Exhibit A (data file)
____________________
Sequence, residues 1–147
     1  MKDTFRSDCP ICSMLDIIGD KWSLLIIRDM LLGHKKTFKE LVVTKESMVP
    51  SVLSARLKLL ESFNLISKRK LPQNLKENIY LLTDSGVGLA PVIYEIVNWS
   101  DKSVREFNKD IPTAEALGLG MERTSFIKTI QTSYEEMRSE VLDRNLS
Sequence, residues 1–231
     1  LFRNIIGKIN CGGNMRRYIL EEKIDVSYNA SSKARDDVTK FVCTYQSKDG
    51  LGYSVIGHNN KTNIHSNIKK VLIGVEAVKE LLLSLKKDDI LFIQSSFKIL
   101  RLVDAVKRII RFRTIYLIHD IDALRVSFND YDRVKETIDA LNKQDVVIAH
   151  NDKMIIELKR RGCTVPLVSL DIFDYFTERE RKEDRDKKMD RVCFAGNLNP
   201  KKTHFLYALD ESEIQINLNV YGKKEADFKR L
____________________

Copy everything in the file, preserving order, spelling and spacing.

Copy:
Sequence, residues 1–147
     1  MKDTFRSDCP ICSMLDIIGD KWSLLIIRDM LLGHKKTFKE LVVTKESMVP
    51  SVLSARLKLL ESFNLISKRK LPQNLKENIY LLTDSGVGLA PVIYEIVNWS
   101  DKSVREFNKD IPTAEALGLG MERTSFIKTI QTSYEEMRSE VLDRNLS
Sequence, residues 1–231
     1  LFRNIIGKIN CGGNMRRYIL EEKIDVSYNA SSKARDDVTK FVCTYQSKDG
    51  LGYSVIGHNN KTNIHSNIKK VLIGVEAVKE LLLSLKKDDI LFIQSSFKIL
   101  RLVDAVKRII RFRTIYLIHD IDALRVSFND YDRVKETIDA LNKQDVVIAH
   151  NDKMIIELKR RGCTVPLVSL DIFDYFTERE RKEDRDKKMD RVCFAGNLNP
   201  KKTHFLYALD ESEIQINLNV YGKKEADFKR L